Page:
Thanks!
There is a good chance the selector switch is already rated for 240V. See if you can find a rating printed on the side, or a part number.

If you remove all use of 120V inside the controller, then you can use a 3 wire power feed. It will be H-H-G, with no neutral.

Brew on :mug:
 
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GlenF

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There is a good chance the selector switch is already rated for 240V. See if you can find a rating printed on the side, or a part number.

If you remove all use of 120V inside the controller, then you can use a 3 wire power feed. It will be H-H-G, with no neutral.

Brew on :mug:
How will that work with the GFCI breaker? Doesn't GFCI rely on neutral signal, or because they are essentially the same in this 240v system, it wouldn't matter? I think the outlet is wired HHN (specifically, but it's on a garage subpanel so N and G are bonded back at the main panel. And could I ground the kettles and control box into that G/N input, as well because it's a G/N?

And here is the selector switch: The Reynolds Company - Electric Company

Thanks!
 
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RufusBrewer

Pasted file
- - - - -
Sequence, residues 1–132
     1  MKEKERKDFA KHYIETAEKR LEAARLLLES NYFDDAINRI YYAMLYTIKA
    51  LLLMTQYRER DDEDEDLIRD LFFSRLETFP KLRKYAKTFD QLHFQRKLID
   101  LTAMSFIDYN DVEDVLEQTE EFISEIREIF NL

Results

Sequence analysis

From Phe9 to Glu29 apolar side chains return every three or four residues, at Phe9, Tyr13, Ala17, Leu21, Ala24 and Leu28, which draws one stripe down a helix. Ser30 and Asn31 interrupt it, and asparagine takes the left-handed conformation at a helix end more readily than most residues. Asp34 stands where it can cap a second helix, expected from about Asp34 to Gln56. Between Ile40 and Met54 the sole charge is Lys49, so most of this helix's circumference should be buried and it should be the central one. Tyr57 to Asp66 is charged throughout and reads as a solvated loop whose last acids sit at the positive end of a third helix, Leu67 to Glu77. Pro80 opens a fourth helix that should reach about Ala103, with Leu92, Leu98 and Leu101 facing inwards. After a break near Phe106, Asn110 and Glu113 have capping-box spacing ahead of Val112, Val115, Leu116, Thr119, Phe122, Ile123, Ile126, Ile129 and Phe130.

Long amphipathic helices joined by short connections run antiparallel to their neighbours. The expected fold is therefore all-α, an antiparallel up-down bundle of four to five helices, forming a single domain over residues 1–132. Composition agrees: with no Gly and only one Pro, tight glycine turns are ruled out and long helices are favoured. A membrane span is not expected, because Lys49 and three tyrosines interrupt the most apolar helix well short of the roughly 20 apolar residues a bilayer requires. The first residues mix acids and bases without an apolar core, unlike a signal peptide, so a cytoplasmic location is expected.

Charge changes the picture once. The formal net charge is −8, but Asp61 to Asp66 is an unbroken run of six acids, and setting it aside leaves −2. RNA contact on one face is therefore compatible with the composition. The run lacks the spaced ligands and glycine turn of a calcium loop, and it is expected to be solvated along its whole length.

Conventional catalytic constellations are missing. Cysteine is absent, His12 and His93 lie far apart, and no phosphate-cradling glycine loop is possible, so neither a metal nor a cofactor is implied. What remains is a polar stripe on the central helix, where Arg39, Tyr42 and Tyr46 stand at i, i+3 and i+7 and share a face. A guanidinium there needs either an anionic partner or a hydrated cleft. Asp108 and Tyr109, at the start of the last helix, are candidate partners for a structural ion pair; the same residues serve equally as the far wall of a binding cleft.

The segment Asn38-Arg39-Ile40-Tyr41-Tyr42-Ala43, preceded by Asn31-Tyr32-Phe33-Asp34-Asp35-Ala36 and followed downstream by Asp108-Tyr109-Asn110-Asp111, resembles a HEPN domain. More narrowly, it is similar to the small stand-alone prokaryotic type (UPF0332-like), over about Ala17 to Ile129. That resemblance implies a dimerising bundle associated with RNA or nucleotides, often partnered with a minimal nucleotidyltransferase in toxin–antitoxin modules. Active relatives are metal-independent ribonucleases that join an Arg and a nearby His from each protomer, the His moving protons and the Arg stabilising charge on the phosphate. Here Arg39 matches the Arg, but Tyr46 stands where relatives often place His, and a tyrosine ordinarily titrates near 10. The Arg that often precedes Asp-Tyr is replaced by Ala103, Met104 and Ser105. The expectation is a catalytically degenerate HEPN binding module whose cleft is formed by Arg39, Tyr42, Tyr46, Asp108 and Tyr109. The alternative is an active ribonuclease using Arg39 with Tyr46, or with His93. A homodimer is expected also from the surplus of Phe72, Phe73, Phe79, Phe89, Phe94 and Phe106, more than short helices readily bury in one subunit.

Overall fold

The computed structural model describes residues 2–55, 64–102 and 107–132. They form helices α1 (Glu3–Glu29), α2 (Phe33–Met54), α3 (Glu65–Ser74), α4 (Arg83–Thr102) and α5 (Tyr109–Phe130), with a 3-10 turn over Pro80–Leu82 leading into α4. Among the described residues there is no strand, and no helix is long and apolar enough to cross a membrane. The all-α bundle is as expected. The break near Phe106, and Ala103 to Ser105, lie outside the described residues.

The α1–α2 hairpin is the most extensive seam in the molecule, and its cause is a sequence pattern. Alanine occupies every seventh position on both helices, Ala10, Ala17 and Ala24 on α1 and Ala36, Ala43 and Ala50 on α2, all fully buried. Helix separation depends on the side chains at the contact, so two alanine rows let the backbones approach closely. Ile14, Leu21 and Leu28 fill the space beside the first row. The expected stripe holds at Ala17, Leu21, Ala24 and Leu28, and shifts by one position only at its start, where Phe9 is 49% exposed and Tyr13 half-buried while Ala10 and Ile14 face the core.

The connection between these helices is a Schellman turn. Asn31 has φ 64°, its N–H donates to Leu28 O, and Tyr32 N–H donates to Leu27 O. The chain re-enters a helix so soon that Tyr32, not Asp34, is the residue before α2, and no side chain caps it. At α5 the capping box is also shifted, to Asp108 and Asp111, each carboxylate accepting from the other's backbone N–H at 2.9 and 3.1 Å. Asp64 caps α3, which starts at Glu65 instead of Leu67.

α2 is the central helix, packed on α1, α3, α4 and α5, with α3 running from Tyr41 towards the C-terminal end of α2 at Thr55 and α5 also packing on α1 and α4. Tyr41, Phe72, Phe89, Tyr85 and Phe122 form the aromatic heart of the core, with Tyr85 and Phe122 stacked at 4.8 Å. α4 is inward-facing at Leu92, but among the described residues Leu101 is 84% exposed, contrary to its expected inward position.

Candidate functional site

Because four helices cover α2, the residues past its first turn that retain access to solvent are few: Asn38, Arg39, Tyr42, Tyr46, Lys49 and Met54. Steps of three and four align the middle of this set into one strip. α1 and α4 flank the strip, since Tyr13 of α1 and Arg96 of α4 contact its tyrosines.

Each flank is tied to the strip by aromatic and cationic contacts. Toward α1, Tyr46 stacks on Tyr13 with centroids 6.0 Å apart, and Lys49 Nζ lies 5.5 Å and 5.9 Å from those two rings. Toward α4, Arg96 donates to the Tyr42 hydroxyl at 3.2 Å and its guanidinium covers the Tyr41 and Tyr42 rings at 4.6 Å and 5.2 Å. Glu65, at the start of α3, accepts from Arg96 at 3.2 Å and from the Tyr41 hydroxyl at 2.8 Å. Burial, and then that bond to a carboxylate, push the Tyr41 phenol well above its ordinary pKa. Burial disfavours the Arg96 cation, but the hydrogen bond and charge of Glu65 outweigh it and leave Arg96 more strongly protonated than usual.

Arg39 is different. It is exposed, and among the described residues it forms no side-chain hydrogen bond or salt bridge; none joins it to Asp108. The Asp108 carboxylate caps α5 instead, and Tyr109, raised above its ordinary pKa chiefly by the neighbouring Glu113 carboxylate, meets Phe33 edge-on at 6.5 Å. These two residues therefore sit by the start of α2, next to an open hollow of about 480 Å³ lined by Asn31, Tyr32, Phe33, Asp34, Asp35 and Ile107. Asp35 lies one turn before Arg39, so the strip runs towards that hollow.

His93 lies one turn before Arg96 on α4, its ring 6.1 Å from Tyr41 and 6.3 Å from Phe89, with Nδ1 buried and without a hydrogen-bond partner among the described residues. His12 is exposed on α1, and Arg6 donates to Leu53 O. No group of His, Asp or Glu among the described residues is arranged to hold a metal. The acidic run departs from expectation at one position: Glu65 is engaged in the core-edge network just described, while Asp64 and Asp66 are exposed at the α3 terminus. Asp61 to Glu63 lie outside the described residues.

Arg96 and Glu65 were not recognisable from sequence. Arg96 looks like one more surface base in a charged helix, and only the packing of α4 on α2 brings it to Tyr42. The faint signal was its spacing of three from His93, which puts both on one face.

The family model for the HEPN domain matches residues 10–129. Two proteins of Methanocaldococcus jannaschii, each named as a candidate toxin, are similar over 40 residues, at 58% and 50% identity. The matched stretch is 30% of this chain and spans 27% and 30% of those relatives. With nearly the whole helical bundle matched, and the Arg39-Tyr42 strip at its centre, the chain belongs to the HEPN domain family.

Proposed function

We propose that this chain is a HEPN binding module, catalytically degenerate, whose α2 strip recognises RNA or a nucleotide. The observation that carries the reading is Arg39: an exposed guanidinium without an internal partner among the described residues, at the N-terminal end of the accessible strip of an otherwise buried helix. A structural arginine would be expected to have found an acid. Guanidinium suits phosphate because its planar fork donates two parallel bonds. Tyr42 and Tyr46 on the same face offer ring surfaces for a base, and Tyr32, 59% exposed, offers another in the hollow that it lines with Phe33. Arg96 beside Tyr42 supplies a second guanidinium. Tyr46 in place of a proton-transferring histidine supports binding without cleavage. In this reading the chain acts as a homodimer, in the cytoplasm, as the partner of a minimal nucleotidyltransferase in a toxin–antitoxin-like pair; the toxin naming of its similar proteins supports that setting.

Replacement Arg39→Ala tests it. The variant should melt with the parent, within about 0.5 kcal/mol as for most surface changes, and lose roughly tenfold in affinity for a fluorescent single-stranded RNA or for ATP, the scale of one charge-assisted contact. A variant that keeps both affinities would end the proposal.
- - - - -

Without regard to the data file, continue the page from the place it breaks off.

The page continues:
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A GFCI measures how much is current goes out of one leg and compares it to how much current returns on other leg. If the going out does not match the return, it assumes an error and shuts down the circuit.

In the case 240 VAC Leg 1 and Leg 2, it compares how much leaves Leg 1 and how much comes back on Leg 2. If Leg 2 is less than Leg 1, it assumes the "missing" current is going through you and shuts down the circuit.

In the example of 120 VAC, It measures how much current leaves Hot and how much comes back through the Neutral. If there is less returning through neutral, it assumes the "missing" current is going through you and shuts down the circuit.

Ground does not really play into it.
 

doug293cz